Remembering Rodney King

Via CBS News

It was a big surprise yesterday to hear about the death of Rodney King, whose beating by  LAPD officers in 1991 led to a trial, to the acquittal of the police officers involved, and to subsequent race riots. I was young and living far away when all this occurred, but I remember the event as a pivotal moment. As a young, middle-class white girl in a primarily while suburb, I had no awareness of what life in this country was like for so many others. We’d learned about the civil rights movement and Dr. Martin Luther King in school, surely life was great for everyone now?

Rodney King’s famous question, “can’t we all get along?” is no less relevant today than it was decades ago. Furthermore, the question is still tied to issues of race and masculinity. To break it down by gender, three-quarters of murder victims in this country are male and men are also far more likely than women to be committing violent crimes. Domestic violence remains a scourge that kills 6-7 people a day in the U.S.—the vast majority of victims being women. In terms of race, in 2005 almost half of all murder victims in the U.S. were African American males, putting young black men at a much higher risk of being victims of violence than their peers of other races. African American men are also more likely to end up in jail. Nearly 40% of male prisoners in this country are African American, a statistic that is far higher than the balance of the population. Does this reflect a “culture of violence,” or does it reflect a system of justice where the young, black, and poor often receive inadequate representation and are often not judged by juries of their “peers?”

As a white woman, it’s still tricky for me to try and walk in another person’s shoes or make judgments about what life is like for others. But I can say this: Every American should see something troubling in these statistics. Race issues are still alive and well in this country. Poverty is still alive and well in this country, and is likely feeding the problems of violence and crime in urban areas. Rodney King himself struggled with substance abuse and was unable to find steady work in the years before his passing. But King did leave a legacy and provoked a change in the justice system. Maybe his death at such a relatively young age can prompt us to again reflect on the question he asked so long ago. And maybe it can prompt us to do more.


Deadbeat Men: Let’s Talk About *That* for a Change

So the lead article in the NY Times today is about the fact that the majority of births in this country to women under 30 are now to unmarried mothers. I can’t say I’m surprised, but the more I thought about this article, and the accompanying story discussing the dynamic at work in an Ohio town, the angrier I became.

Here’s the fact, folks, unmarried mothers didn’t get that way themselves. And yet in the headlines of both of these articles, the men are missing. In the second story referenced above, it is “Young Mothers” for whom marriage has a fading allure and in the first it is “Women under 30” who are described as having children out of wedlock. Where are the men? Where is the responsibility on their part?

The He-Covery in Action

I’ve heard and read a lot about the “mancession” and the “crisis of boys” in education, and I don’t want to be insensitive to that, but I’m sick of the argument that men of a certain generation (let’s call it under 35) are systematically oppressed because a generation of women have been emasculating them. For those unfamiliar with the “War Against Boys” theory, most vocally advocated by Christina Hoff Summers at the turn of this century, the argument goes that males are now more likely than females to fail classes, get punished in school, or drop out, and they are less likely to complete college degrees at all levels except the Ph.D. (where they are roughly at parity with women). The reason for this is purportedly that we have created an educational system that is hostile to men, focused on female achievement. This argument has been surprisingly persistent, despite being largely debunked by studies showing that the difference between the sexes disappears when we control for things like race and income-related factors. (A study by the AAUW reported this finding based on a study of 40 years worth of data on educational achievement.) Likewise, the much-touted “mancession” is now being followed by a “he-covery” (*GAG*), with men making more progress than women in getting new jobs and getting jobs in a range of fields once dominated by women. This article cautions that long-term employment rates for men will continue to suffer if male degree completion rates continue to drop, but I think that’s a fairly obvious statement.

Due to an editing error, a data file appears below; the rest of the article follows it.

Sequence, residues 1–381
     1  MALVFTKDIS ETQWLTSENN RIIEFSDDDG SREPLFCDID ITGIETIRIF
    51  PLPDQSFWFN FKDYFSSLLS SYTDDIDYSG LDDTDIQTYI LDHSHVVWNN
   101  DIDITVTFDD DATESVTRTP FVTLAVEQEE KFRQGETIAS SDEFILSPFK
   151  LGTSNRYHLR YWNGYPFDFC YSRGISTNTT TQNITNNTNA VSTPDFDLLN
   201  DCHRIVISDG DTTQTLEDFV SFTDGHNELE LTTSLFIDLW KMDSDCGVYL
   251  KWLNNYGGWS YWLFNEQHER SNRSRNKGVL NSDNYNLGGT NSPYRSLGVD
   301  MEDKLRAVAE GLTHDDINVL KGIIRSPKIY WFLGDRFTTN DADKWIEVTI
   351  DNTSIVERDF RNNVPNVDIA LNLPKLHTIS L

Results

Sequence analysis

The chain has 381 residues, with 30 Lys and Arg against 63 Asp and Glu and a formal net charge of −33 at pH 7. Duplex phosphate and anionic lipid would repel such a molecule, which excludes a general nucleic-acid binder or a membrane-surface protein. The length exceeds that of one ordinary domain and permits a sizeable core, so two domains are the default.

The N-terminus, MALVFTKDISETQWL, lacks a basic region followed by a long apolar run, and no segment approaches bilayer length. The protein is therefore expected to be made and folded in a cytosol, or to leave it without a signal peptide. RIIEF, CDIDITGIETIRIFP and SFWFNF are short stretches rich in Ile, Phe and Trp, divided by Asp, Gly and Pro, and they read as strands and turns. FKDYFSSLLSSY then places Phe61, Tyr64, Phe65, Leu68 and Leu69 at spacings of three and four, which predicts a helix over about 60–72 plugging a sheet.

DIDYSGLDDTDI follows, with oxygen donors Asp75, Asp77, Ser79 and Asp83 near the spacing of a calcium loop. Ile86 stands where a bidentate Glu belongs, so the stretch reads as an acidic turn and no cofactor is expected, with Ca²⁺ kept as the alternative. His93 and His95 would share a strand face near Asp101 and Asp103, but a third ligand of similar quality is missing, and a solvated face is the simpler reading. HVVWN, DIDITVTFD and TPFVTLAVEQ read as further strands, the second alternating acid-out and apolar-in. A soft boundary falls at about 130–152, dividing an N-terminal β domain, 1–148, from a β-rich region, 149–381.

All of this ties into the “unwed mothers” phenomenon. A common theme among women interviewed in the NYT pieces is that they not only view husbands as unnecessary, but they also see them as burdensome and untrustworthy. What we have isn’t a generation of unwed mothers, we have a generation of deadbeat men. In the past, when women failed to obtain higher education it was because they were openly discriminated against, drummed out of school when they got married or pregnant, and they were given a low priority for admission to programs in the first place. Now, when men fail to finish higher education, it’s not for any of those reasons. Some men, because of race or class, start off at a disadvantage, but many men don’t finish or don’t go to college in the first place because they just don’t want to do the work. Even among those men that I see in my classroom and in my graduate program, the males are also overall less likely than females to be involved in extracurricular activities, service projects, to volunteer for committees, or basically to do anything they aren’t forced to do. Then, when these same guys can’t get jobs, I hear them complaining that “it only went to her because she had a vagina.” Right. A vagina, a string of grants and scholarships, multiple publications, and a page full of demonstrated service credentials. Try again, guys.